Minister visits the Prince Madog as it undergoes green retrofit
A £5.5 million green retrofit using UK Government funding is underway on a research vessel based at Bangor University.
The Prince Madog ship is a multi-purpose research platform for conducting research into the science of the seas around the UK, including the Irish Sea and Celtic Sea, and has been operating for more than two decades.
This week (Thursday 2nd November) Wales Office Minister Dr James Davies visited the ship which is used for researching the biology, chemistry, geology, and physics of our seas. The vessel is also used to train the next generation of scientists at Bangor’s School of Ocean Sciences.
The vessel is currently undergoing a two-year retrofit to equip it with a hydrogen propulsion system with a diesel-fuelled main engine to enable zero emission operation at slow speeds or over short distances. In normal operation, it will reduce emissions by up to 60%.
The UK Government is funding the retrofit, with the Department for Transport providing £5.5 million from the £60 million Innovative Clean Maritime Technologies fund.
In the future, the operators of the Prince Madog anticipates the vessel will receive its hydrogen from Anglesey's proposed Holyhead Hydrogen Hub backed by £4.8m in UK Government funding.
Over the last two decades data collected from the Prince Madog has contributed to some major scientific findings including:
- Safeguarding sustainable fisheries by assessing the impact of trawling on the seabed.
- Revealing the past climate of coastal seas.
- Locating and identifying shipwrecks.
- Predicting weather and climate by developing new techniques and measurements used that are now used globally.
- Supporting the marine renewable energy industry by assessing potential sites for development and undertaking ecosystem and seabed assessments.
- Producing new techniques to measure ocean turbulence and the impact on the mixing of different waters in the ocean.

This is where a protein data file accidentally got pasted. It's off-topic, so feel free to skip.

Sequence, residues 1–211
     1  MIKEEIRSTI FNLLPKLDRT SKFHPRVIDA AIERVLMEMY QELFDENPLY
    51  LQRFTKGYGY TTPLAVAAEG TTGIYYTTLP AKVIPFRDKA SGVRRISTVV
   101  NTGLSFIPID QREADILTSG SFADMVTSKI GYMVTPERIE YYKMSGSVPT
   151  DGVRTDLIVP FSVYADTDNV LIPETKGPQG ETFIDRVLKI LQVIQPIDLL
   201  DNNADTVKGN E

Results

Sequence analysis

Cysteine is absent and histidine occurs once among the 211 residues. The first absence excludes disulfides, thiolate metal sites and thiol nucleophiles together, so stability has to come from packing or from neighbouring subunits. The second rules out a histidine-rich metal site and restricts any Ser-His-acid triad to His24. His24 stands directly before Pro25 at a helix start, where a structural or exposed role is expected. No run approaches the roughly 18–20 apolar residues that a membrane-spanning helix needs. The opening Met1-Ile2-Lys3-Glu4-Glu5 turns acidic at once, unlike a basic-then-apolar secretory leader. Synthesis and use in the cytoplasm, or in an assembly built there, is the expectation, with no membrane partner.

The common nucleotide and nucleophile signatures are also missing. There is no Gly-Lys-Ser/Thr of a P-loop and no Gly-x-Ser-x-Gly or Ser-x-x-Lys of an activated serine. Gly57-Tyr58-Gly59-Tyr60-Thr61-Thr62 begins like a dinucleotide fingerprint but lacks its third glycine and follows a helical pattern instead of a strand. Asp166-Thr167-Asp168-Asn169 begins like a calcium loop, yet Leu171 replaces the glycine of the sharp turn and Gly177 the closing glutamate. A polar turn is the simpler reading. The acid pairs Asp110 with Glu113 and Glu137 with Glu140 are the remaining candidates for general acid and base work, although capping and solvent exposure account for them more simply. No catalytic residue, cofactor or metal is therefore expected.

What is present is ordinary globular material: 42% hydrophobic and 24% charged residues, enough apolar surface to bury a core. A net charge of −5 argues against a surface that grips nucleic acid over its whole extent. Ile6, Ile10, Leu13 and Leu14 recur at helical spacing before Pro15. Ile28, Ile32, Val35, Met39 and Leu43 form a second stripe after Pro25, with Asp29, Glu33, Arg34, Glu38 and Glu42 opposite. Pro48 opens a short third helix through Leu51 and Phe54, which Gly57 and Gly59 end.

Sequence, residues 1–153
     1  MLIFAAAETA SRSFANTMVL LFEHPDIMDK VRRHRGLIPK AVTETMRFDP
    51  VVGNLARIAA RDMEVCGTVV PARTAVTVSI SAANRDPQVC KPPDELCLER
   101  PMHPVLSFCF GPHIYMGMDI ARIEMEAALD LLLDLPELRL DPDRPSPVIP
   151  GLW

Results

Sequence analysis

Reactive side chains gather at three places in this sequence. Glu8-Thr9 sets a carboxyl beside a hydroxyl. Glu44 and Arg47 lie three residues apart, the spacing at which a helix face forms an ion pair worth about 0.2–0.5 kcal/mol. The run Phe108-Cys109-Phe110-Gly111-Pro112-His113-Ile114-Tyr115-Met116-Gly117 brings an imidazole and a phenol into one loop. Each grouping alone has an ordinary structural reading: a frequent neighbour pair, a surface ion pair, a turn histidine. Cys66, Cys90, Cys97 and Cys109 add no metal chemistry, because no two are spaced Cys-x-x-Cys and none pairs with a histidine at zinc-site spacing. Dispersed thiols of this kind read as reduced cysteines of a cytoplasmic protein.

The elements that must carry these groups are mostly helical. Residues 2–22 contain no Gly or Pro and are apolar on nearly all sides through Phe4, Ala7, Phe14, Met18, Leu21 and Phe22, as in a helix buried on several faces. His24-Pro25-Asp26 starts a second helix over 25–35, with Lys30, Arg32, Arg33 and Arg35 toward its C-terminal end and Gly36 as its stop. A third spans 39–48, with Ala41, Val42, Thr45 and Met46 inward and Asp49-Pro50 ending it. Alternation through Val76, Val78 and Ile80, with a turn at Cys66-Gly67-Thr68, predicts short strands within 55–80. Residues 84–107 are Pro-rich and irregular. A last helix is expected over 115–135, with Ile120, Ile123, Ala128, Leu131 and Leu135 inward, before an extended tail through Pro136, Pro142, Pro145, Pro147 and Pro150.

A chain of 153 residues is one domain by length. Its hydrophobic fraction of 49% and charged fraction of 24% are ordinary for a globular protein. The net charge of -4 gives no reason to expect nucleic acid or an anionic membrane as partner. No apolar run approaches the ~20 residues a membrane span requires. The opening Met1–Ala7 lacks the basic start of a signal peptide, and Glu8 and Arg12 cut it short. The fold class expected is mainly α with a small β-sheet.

- Assessing the impact of the physical environment on the foraging energetics of seabirds and the consequences for breeding success
Dr James Davies said, “It was fascinating to learn about the Prince Madog as well as meeting some of Bangor University’s research staff and hear more about the work they undertake.
“The ship has been a vital tool in countless studies over the last 20 years and has helped Bangor University become a world-leading destination for studying and researching the marine environment.
“It is vital that we all reduce our carbon footprint and I’m delighted that the UK Government is funding the work necessary to equip this fantastic ship for the future.”
Professor Paul Spencer, Pro-Vice-Chancellor for Research, said, “The Prince Madog has been an asset to Wales, the UK, and internationally, both in education and research.
“The impact of research over decades by the School of Ocean Sciences is remarkable. It has changed science in a number of spheres, re-written textbooks and played an important role in supporting the continued sustainable development of the marine environment. “We look forward to many more years of ground-breaking research and impact from the decks of the Prince Madog.”